- Download our Moving to Germany Guide (PDF)
Expats will need to get their paperwork in order and make sure they have the right visa for Germany before relocating.
As a member of the European Union, Germany permits citizens of other EU states to enter with nothing but their passports and entitles them to live and work in Germany without a visa. But once there, they will still need to get a residency permit.
Non-EU citizens travelling to Germany for a short stay may need to apply for a Schengen visa, which usually takes about two weeks. Non-EU expats planning to live or work in the country will need to get the necessary work or residency permit.
Tourist visas for Germany
Germany is a signatory to the Schengen Agreement, so nationals of other Schengen countries won't need to apply for a tourist visa before they arrive. Their passports are stamped upon arrival and they can stay for 90 days.
Aside from the Schengen Countries, citizens of the UK, US, Argentina, Australia and New Zealand can stay in Germany for 90 days or less without a visa.
Schengen visas for Germany
Most non-EU citizens have to apply for a tourist visa at a German embassy or consulate ahead of time. It's best to apply well in advance – it's possible to submit three months before the planned departure date.
Schengen visa holders can visit other Schengen states, but if they do plan on travelling to other countries, they should apply at the consulate of the country they arrive in or the one they plan to spend most of their time in.
It is important to note that Schengen visa holders don't have permission to work or conduct business in Germany and other member countries.
Business visas for Germany
Expats wanting to travel to do business in Germany need to apply for a business visa which requires a formal invitation from a German company. They'll also need to provide evidence of their visit, including the duration of their stay, and a guarantee for any costs involved.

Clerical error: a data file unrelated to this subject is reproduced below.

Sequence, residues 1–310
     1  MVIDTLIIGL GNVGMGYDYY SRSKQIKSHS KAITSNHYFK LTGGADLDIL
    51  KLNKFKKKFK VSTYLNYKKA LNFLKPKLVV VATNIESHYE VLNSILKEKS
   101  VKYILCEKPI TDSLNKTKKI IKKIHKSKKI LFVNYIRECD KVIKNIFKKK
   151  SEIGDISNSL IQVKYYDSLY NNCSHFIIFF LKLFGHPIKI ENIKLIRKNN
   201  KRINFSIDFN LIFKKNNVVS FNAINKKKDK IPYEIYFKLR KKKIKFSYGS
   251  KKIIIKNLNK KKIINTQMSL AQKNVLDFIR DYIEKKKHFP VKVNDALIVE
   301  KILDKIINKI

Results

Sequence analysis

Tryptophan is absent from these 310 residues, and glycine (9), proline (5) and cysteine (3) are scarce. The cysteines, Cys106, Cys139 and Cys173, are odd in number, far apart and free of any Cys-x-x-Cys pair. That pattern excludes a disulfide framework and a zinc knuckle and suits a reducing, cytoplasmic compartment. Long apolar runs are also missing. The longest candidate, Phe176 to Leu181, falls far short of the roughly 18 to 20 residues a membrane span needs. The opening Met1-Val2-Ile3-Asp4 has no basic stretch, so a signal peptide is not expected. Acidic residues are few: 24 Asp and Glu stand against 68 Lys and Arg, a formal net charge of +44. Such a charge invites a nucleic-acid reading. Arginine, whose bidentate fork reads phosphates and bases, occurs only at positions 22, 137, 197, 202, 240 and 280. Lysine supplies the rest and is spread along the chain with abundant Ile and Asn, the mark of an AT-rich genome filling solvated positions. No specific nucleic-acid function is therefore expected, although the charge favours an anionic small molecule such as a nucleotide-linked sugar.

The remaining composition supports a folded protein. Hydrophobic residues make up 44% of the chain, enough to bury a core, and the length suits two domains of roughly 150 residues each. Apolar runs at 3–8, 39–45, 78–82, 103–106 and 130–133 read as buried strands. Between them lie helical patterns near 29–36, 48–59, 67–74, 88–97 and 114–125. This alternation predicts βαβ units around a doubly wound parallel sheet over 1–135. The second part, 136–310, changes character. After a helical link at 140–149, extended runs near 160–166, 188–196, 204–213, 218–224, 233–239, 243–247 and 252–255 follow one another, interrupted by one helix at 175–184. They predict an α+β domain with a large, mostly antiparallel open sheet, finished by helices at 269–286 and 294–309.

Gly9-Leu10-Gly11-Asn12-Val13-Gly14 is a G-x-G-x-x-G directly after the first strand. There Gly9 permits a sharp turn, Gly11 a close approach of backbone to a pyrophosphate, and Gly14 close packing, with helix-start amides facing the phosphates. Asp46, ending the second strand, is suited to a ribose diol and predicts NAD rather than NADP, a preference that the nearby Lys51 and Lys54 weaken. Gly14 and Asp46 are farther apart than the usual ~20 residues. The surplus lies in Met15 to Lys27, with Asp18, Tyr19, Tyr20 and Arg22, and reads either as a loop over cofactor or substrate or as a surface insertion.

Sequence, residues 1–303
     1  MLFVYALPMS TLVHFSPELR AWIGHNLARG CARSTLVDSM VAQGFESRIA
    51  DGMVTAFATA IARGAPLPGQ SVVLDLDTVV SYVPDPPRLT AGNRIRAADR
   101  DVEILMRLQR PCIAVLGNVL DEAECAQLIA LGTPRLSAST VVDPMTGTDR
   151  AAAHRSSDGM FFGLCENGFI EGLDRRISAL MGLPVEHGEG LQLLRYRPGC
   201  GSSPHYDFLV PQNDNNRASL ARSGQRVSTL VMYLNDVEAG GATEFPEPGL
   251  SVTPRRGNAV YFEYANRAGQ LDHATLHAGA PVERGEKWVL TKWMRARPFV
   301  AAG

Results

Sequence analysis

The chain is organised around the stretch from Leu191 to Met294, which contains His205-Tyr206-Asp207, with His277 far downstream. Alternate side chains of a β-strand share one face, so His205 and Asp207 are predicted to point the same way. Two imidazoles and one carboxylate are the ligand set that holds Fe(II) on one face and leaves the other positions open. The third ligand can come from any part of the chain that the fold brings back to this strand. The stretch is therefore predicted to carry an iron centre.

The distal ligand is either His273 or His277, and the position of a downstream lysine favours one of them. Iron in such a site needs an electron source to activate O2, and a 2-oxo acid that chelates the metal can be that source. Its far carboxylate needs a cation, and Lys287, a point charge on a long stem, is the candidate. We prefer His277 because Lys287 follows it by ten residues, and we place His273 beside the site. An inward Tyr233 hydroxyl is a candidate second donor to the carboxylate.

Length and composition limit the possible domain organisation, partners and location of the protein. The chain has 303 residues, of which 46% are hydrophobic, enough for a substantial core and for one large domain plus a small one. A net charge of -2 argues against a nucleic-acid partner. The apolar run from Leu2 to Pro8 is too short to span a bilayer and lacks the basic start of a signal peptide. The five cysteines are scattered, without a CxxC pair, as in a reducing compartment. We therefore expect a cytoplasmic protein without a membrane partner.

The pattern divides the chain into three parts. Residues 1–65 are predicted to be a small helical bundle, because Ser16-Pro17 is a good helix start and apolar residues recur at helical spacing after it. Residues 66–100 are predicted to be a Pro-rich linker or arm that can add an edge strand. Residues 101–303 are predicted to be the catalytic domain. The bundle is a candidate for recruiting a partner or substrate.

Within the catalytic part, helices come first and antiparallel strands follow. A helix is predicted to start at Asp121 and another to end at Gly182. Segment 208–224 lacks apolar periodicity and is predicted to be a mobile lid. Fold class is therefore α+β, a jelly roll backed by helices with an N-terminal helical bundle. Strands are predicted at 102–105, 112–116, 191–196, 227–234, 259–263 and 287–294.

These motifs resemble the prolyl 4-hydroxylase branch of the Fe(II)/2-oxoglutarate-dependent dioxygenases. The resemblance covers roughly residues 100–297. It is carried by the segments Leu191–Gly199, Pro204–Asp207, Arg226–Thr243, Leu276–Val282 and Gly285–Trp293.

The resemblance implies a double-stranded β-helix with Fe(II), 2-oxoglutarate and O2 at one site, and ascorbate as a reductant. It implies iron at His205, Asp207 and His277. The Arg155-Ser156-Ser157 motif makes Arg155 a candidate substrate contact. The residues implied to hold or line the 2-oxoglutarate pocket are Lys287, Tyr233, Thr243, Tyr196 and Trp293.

Even someone visiting the German office of their current employer would need a business visa.
Work permits for Germany
Most expats who intend to settle and work for longer periods will need a German work permit (arbeitserlaubnis). The requirements will differ depending on where they're from.
While citizens of most EU states won't need a permit, those from newer member states such as Bulgaria and Romania may require one if they plan on working in certain sectors.
Anyone planning on living in Germany needs a residency permit, regardless of where they come from.
Residency permits for Germany
Applications for a residency permit (aufaenhalt) must either be done in person at a German embassy or consulate, or through the immigration authorities in Germany. Since EU nationals have the right to live and work in Germany, getting a residency permit is simply a formality.
There are several different types of residency permits for non-EU citizens who intend to work in Germany. There are residence permits for general employment (arbeit), professionals with specialist skills, self-employed foreigners, highly skilled with qualifications in specified sectors (EU Blue Card) and IT professionals. In most cases, it's essential that non-EU expats have their residency permits approved before they arrive.
The EU Blue Card is highly popular among expats as it allows them to enjoy similar rights and protections as German citizens and paves the way for permanent residency. In most cases, expats must have a job offer with a contract valid for at least six months in one of the professions considered 'bottleneck professions' in Germany.
These include veterinarians, teachers and academically trained professionals in childcare, elderly care or logistics. Germany has recently eased salary requirements for the EU Blue Card and expats applying for it are no longer limited to jobs that are directly related to their qualifications, making it an even more attractive choice for new arrivals.
Expats will either be granted a limited or an unlimited residency permit once their application is approved, which will depend on their country of origin and reasons for being in Germany. Permits attached to a fixed-term contract are granted for the same length of time as the contract states.
*Visa regulations are subject to change at short notice and expats should contact their respective embassy or consulate for the latest details.
Expat Interviews"I did not have a problem with a visa. My company’s headquarters is in Germany and they took care of the paperwork as part of the transfer process of getting me from Chicago to Germany."
For more on Marisa's experiences as an American expat in Germany, read our interview with her.
Are you an expat living in Germany?
Expat Arrivals is looking for locals to contribute to this guide, and answer forum questions from others planning their move to Germany. Please contact us if you'd like to contribute.
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